Just as nightmare headlines about hacks and data breaches are unlikely to subside, so too are the cybersecurity challenges that tend to keep state government executives awake at night.
Given the complexities inherent in managing users, systems, applications and networks, state government executives continually struggle, often with severely constrained budgets and limited labor resources, to deter threats and protect privacy.
State governments face an array of denial-of-service attacks, brute-force attacks and zero-day exploits and other threats from attackers who range from lone hackers to hostile foreign governments. And the threats continue to grow. Market research firm Cybersecurity Ventures predicts cybercrime around the world will cost more than $6 trillion annually by 2021, up from $3 trillion in 2015.
Last year, for example, Atlanta was hit by a ransomware attack in March that crippled its network for nearly two weeks and cost an estimated $17 million to rebuild the impacted municipal systems.
Meanwhile, during the 2018 U.S. midterm election cycle, the Departments of Justice and Homeland Security worked closely with federal, state, local, and private sector partners, including all 50 states and more than 1,400 local jurisdictions, to support efforts to secure election infrastructure and limit risk posed by foreign interference.
As state government agency leaders strive to simultaneously modernize and proactively protect mission-critical digital transactions, they must focus on four primary target areas:
- Network connectivity – networks must be protected from threats to protect information confidentiality, integrity, and availability. Accepted cybersecurity guidelines from NIST and others dictate that states must monitor, control, and protect organizational communications including information transmitted or received by information systems, at external boundaries, and key internal boundaries of their networks and information systems. To keep pace with advances such as cloud services, states must strive to employ architectural designs, software development techniques, and systems engineering principles that protect the security of state systems and information. States must rely on trusted partners who understand and can protect data and help manage security across all platforms, applications and devices.
- User authentication/management – states must limit access to mission-critical systems to authorized users, processes acting on behalf of authorized users, devices, and transactions or functions that authorized users access in their daily work. Crucial strategies for combating threats in user management involve continued user training, accountability and the use of email security solutions, since cloud services and email are among the most popular threat vectors used by attackers these days. As more state governments employ telework to enable employees the flexibility to work remotely, state leaders must also ensure they use sufficient end-to-end security controls, network separation and mobile device management (MDM) to prevent potential for breaches from the use of personal hardware or home networks.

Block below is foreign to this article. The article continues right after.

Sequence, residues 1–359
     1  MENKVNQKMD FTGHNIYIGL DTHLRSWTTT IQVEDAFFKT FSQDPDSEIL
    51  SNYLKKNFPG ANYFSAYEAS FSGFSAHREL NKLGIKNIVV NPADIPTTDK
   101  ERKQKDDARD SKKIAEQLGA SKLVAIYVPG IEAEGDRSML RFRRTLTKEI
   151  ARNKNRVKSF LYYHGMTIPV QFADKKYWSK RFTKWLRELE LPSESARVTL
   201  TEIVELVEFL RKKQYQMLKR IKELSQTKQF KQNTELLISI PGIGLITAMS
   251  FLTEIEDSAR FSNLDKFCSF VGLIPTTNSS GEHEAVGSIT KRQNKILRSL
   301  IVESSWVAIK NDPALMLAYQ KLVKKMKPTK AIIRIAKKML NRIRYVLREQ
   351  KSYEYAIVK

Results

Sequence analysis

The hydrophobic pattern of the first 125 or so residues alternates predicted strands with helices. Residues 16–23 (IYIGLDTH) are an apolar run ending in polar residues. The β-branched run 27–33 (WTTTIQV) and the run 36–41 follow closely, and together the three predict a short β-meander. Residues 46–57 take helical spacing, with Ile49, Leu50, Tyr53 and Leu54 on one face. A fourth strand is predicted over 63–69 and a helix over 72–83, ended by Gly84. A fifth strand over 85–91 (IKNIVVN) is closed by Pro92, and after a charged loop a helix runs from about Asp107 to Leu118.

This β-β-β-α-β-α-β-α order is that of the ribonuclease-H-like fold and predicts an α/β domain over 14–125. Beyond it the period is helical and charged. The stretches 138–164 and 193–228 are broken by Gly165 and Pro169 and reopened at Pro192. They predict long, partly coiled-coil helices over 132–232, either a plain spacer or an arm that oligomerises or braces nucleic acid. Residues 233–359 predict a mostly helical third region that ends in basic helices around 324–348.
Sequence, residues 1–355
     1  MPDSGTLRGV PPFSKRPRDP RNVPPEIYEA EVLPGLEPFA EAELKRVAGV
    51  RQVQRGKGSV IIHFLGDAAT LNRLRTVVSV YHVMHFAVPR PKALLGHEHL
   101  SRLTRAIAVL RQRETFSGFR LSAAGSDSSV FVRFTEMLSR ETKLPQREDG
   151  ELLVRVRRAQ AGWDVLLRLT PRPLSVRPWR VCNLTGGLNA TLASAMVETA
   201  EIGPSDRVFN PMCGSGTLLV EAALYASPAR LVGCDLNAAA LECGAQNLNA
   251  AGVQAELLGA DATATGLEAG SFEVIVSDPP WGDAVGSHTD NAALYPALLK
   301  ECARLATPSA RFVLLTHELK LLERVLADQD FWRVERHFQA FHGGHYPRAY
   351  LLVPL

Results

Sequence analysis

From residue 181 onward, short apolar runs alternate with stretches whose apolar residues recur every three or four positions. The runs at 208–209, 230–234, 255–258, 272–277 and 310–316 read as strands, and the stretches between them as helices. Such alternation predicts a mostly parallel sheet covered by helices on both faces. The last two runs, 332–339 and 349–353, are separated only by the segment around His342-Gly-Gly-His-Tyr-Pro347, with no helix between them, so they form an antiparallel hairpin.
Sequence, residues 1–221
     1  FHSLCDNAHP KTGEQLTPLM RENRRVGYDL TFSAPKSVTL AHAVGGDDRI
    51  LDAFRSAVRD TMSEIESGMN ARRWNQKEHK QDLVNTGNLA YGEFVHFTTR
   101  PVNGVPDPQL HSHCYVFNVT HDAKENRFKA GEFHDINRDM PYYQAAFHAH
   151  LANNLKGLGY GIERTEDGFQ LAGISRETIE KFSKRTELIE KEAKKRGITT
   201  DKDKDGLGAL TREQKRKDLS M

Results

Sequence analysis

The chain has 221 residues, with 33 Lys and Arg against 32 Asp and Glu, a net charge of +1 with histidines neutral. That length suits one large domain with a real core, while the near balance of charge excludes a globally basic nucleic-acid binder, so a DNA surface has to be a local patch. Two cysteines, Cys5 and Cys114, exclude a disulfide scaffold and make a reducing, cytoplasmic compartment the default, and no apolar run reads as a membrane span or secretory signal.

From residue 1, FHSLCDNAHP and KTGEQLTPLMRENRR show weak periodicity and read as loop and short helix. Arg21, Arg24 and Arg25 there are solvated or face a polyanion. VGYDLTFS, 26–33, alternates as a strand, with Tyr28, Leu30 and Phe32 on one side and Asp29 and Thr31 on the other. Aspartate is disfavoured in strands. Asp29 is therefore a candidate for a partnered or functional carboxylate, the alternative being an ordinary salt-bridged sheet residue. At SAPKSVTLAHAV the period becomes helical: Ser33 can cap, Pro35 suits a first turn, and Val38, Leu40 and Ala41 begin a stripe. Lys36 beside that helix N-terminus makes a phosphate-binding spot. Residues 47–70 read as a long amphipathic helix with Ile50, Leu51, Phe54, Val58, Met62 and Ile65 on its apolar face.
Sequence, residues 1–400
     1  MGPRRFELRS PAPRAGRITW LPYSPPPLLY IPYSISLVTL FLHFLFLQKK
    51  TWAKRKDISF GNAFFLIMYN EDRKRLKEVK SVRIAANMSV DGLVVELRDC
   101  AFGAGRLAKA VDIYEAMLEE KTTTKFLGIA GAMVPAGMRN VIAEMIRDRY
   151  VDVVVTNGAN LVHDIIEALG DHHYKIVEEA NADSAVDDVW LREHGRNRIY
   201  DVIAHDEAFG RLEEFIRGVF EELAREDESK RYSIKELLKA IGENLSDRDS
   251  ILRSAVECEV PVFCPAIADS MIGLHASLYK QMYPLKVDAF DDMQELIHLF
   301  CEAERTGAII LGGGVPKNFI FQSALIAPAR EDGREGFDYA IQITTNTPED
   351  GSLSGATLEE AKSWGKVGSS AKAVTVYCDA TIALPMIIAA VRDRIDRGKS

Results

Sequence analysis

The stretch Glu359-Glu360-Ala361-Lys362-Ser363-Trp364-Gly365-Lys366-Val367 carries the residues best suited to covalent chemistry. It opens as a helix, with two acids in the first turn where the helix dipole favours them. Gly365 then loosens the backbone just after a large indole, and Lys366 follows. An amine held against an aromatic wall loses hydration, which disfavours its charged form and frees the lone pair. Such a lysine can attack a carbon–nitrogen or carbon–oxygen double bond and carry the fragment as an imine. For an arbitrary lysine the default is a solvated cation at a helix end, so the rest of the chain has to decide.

- Change management – controlling modifications to hardware, software, firmware, and documentation is a longstanding requirement that remains a top priority because state leaders must ensure that information systems are protected against any types of improper modifications.
- Penetration testing – also known as pen testing, involves running authorized simulated cyberattacks on an organization’s systems to evaluate the strength of that organization’s security operations. Various types of ‘white hat’ attacks can help state leaders gain insights into their digital infrastructure and any potential vulnerabilities. Penetration testing is considered the most effective method for identifying any network weaknesses, vulnerable entry points or individual users who may possess poor security habits.
It Takes a Village
State agency executives face stringent regulatory requirements to ensure there are no weak links in state cybersecurity protections. But they don’t need to do it alone. State leaders should rely on trusted private sector partners to help them deter threats. By leveraging modern, technology-driven eligibility solutions, for example, state agencies can reduce both security and privacy risks. Conduent possesses deep domain expertise and a breadth of experience in transactional operations to ensure that state agencies reduce vulnerabilities, deter threats and address emerging cybersecurity challenges as they arise.
We also understand your state’s stringent regulatory requirements to protect Personally Identifiable Information (PII), Protected Health Information (PHI), and payment card information (PCI), to help you comply with state and federal regulatory oversight obligations. Ultimately, we take your state’s security requirements seriously. We can help you better protect confidential information today, and as you modernize and migrate more agency processes to digital interactions in the months ahead.
About the AuthorMore Content by Christine Quinn